January 24, 2019

Word: Trump's Moscow tower

USA Today-During much, if not all, of Trump's campaign he sought to enrich himself by pursuing a luxury hotel-condominium-office deal in Russia known as Trump Tower Moscow.

And as a candidate, Trump repeatedly misled or lied to voters about his business with Russia. "I have nothing to do with Russia," he told reporters in July 2016. "I don't deal there," he said during the Oct. 9 presidential debate. Donald Trump visits Moscow on Nov. 5, 1996.

The truth is, Trump had coveted a lucrative hotel project in Russia — whether to build one or license his name to be emblazoned on a skyscraper — for decades. "We will be in Moscow at some point," he said in a 2007 deposition.

....You have to wonder what the fallout would have been if those negotiations had been exposed before Trump debated his Republican primary opponents or Hillary Clinton. The electorate certainly was robbed of knowing about this crucial information at a time when:

-There were news reports that Russia was interfering in the election.

-Trump was expressing praise and admiration for President Vladimir Putin, even as he was insulting hundreds of other people, places and things on Twitter.

-The candidate said that, as president, he would consider easing sanctions placed against Russia for its violent seizure of Crimea.

-Trump was questioning America's continued role in NATO, a bulwark against Russian aggression that Putin has historically despised.

-A plank in the GOP platform regarding U.S. support for Ukraine was watered down.

-Trump challenged Moscow to release Democratic emails that Russians were reported to have hacked.

...Whether Trump was pursuing the arrangement until he clinched the Republican nomination, or right up until he was elected president, isn't the main point. What matters is that a presidential candidate was secretly negotiating a major business deal with a major U.S. adversary — an extraordinary conflict of interest that was concealed from voters.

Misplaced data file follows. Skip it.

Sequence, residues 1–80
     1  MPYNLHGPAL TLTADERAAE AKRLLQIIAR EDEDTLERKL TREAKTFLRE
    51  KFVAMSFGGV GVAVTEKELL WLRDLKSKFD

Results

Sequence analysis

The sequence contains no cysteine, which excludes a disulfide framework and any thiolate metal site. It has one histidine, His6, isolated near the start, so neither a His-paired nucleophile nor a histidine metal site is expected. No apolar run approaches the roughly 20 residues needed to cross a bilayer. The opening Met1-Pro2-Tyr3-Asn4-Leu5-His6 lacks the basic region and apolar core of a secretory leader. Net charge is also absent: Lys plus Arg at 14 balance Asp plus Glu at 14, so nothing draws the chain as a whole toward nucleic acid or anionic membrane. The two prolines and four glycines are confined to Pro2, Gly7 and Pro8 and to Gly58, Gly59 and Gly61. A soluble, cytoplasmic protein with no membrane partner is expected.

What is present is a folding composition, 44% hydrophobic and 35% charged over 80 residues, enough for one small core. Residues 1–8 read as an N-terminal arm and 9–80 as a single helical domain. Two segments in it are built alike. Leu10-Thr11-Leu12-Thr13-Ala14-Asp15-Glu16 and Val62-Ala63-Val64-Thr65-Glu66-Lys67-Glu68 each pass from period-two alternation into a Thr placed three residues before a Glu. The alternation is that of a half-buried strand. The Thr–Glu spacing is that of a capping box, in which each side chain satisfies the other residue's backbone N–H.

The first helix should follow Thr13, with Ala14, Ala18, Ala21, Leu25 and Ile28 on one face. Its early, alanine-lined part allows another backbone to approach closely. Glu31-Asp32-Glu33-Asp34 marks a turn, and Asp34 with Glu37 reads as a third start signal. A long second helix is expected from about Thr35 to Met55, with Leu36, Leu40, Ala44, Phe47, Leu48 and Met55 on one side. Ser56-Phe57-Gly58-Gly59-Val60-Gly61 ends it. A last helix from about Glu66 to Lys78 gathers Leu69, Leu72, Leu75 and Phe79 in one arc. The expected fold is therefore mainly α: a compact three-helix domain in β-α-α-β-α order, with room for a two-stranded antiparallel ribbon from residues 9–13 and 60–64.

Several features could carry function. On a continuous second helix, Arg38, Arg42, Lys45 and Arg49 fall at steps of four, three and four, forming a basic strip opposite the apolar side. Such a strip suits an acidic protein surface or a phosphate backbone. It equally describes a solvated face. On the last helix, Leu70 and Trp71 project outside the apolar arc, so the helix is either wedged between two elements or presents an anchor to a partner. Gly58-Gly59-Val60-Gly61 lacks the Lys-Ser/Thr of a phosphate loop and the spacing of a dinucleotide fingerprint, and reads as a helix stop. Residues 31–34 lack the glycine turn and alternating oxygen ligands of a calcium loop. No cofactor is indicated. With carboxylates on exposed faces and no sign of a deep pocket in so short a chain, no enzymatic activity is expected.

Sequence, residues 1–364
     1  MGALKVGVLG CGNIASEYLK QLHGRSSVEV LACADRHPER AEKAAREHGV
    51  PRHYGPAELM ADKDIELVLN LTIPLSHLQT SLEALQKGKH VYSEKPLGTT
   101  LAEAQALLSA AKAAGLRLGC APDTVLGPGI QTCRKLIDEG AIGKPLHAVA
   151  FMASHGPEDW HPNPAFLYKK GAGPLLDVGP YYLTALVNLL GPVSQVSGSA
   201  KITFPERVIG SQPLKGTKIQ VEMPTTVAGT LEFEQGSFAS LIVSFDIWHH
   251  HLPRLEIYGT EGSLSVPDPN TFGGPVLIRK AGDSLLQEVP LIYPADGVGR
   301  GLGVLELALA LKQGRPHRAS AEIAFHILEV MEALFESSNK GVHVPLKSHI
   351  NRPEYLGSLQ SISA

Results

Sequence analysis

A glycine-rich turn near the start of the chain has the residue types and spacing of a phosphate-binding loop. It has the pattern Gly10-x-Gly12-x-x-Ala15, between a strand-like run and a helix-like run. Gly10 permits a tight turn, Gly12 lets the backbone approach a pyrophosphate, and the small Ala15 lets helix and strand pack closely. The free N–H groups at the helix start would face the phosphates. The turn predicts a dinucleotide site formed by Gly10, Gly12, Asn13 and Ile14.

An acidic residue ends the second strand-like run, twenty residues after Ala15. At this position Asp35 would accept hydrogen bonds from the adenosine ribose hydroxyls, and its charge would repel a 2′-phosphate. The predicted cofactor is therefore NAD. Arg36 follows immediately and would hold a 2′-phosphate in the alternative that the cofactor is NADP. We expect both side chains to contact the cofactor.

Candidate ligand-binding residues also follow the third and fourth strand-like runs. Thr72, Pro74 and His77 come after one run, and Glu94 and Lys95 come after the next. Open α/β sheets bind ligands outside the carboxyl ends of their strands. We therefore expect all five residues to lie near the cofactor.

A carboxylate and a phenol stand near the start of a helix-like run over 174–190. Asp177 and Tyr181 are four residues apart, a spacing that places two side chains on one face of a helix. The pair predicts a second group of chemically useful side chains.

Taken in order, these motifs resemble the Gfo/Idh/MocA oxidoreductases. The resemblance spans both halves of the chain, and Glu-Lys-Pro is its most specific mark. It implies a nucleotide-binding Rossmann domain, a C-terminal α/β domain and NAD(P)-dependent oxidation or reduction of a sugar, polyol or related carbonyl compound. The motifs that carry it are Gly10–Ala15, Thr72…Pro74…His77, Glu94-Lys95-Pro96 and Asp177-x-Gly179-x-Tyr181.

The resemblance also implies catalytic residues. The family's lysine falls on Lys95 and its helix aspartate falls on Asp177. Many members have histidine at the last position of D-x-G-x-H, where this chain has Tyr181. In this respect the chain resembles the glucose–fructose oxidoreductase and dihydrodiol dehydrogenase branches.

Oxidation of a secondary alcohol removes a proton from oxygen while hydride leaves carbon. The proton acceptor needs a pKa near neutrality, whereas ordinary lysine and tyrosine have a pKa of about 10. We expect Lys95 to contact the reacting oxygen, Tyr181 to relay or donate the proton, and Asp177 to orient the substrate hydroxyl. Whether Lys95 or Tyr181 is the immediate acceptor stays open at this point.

Anonymous said...

Also, Trump’s lies to the public about his financial dealings in Russia left him vulnerable to blackmail.

Anonymous said...

So how is Trump selling out to Russia by:

1. Increasing our oil capacity dramatically which cuts into their only real export and the lifeblood of their economy. We are not a net exporter of oil and gas.

2. Recognizing the opposition in Venezuela which Russia opposes.

3. Killing hundreds of Russian mercs in Syria.

I won't wait for your response because you have none.

Keep blathering on chasing phantoms created by the Hillary campaign!

Anonymous said...

The foreign policy establishment pursues its own long-standing policy objectives in Syria and Venezuela. Trump just tried to pull out of Syria and was overruled by the Israel Lobby. The fact that Trump is ineffective at delivering on his pro-Russian agenda isn’t proof that he is not compromised - just that he is incompetent.

Bill McDonald said...

"A major business deal with a major U.S. adversary"? I sense some narrative creep going on here. The new tone is that doing business in Russia is inherently a treasonous act. That's going to come as quite a shock to the 3,000 American companies that also do business there. Perhaps you know them by their Russian comrade names like Burger King, McDonald's and Apple. Want some more? Chevron, Delta Airlines, ExxonMobil, General Electric, Haliburton, Gokdman Sachs....Run for the hills, Sam! The commies are everywhere!

Anonymous said...

But Bill,

Russia isn't a communist country anymore, if you haven't noticed.

Anonymous said...

1) Those are private entities - not candidates for the presidency of the United States
2) Those corporations operate openly and with transparency - unlike Trump who concealed these contacts (while running for the presidency of the United States
3) Trump, as President or even as leader of the Republican Party, is in a position to pervert public policy to benefit a foreign head of state - unlike the corporations you mention
4) Trump is credibly accused of offering bribes to Vladimir Putin in order to get backing for the project - a violation of the Foreign Corrupt Practices Act, which Trump has inveighed against in the past

So, no - doing business in Russia is not an inherently treasonous act. Being a sneaky crook who uses public office for private gain, buys off dictators, and lies about the whole affair in order to gain a position of public trust that he can then abuse is certainly illegal and arguably treasonous. Pull your head out.